Beyond Vassar

Studying Masculinity

By Andrew Faught

Michael Kimmel ’72 is proud to be a feminist. He got a kick out of a recent Huffington Post article by actress and activist Marlo Thomas, in which she calls him a “male champion of the women’s movement” and says he is among the “guys who get it.”

But men have their own complicated issues, says Kimmel, a nationally recognized men’s studies researcher and sociologist.

A Distinguished Professor of Sociology at the State University of New York (SUNY) at Stony Brook, Kimmel has written and edited more than 20 books on gender and masculinity, and he is the founder and editor of the academic journal Men and Masculinities. He also is the author of Guyland: The Perilous World Where Boys Become Men, which calls attention to the prolonged stage of development that has emerged in males transitioning from adolescence to adulthood.

Last year, Kimmel received a John D. and Catherine T. MacArthur Foundation grant to launch the Center for the Study of Men and Masculinities at SUNY Stony Brook. It will be the first center of its kind in the country.

Why create a center to study men and masculinity?

“I decided to do this because, well, men have gender, too,” says Kimmel. “There’s an old proverb that says the fish are the last to discover the ocean. White people don’t think about race very much, but people of color certainly do. Men don’t think about gender very much.”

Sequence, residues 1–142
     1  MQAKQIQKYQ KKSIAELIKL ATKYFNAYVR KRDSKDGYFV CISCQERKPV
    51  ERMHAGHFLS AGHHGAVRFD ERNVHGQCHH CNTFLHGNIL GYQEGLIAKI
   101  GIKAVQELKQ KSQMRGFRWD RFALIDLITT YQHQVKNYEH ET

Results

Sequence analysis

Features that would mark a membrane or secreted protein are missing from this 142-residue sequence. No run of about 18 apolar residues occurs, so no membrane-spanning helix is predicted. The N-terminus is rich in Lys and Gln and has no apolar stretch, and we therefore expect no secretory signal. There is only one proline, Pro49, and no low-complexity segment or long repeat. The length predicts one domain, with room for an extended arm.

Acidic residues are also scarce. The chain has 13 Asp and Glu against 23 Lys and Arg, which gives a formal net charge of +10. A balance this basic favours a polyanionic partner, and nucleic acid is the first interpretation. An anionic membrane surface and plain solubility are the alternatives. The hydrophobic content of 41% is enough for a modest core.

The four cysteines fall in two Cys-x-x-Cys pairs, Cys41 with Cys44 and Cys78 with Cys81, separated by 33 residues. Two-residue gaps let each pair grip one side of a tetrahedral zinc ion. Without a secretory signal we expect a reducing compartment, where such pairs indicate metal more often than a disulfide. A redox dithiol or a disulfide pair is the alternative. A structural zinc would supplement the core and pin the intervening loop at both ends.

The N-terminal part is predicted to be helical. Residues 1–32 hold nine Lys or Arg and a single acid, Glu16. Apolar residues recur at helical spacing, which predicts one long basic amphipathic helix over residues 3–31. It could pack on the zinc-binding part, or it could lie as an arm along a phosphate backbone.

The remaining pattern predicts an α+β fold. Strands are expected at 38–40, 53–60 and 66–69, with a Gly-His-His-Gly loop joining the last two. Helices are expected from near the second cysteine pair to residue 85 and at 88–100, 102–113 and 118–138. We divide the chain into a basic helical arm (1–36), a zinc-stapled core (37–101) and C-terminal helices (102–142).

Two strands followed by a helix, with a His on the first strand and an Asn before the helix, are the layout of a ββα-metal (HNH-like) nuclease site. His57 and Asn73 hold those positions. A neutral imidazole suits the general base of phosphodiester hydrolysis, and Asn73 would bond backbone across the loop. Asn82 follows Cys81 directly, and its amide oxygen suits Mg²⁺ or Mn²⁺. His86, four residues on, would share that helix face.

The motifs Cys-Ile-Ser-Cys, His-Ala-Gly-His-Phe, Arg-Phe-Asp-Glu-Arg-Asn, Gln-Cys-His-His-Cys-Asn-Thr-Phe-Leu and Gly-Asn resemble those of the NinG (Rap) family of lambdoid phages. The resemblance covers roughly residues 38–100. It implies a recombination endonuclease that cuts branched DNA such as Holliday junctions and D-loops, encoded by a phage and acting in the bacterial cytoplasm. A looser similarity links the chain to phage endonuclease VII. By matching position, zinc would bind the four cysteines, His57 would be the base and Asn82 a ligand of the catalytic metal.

Kimmel says one of his goals is to “make gender visible to men as well.”

His vision was to bring together people who are developing projects to engage men all over the world around issues as diverse as HIV risk reduction, involved fatherhood, work-family balance, and violence against women.

The center will be a gathering place where scholars, practitioners, activists, and direct-service providers will interact, share ideas, conduct research, and hold policy conversations. It will host seminar series, global webinars, and lectures. In March 2015, the center will hold a global conference in New York City.

Kimmel says the center will also develop collaborative research projects across countries and continents on everything from interventions around domestic violence to understanding boys’ academic underachievement.

Moreover, the center will play an important role in a planned MA program in masculinity studies at Stony Brook. It will be the first college or university to grant such a degree, and it welcomes its first class of MA students in September 2017.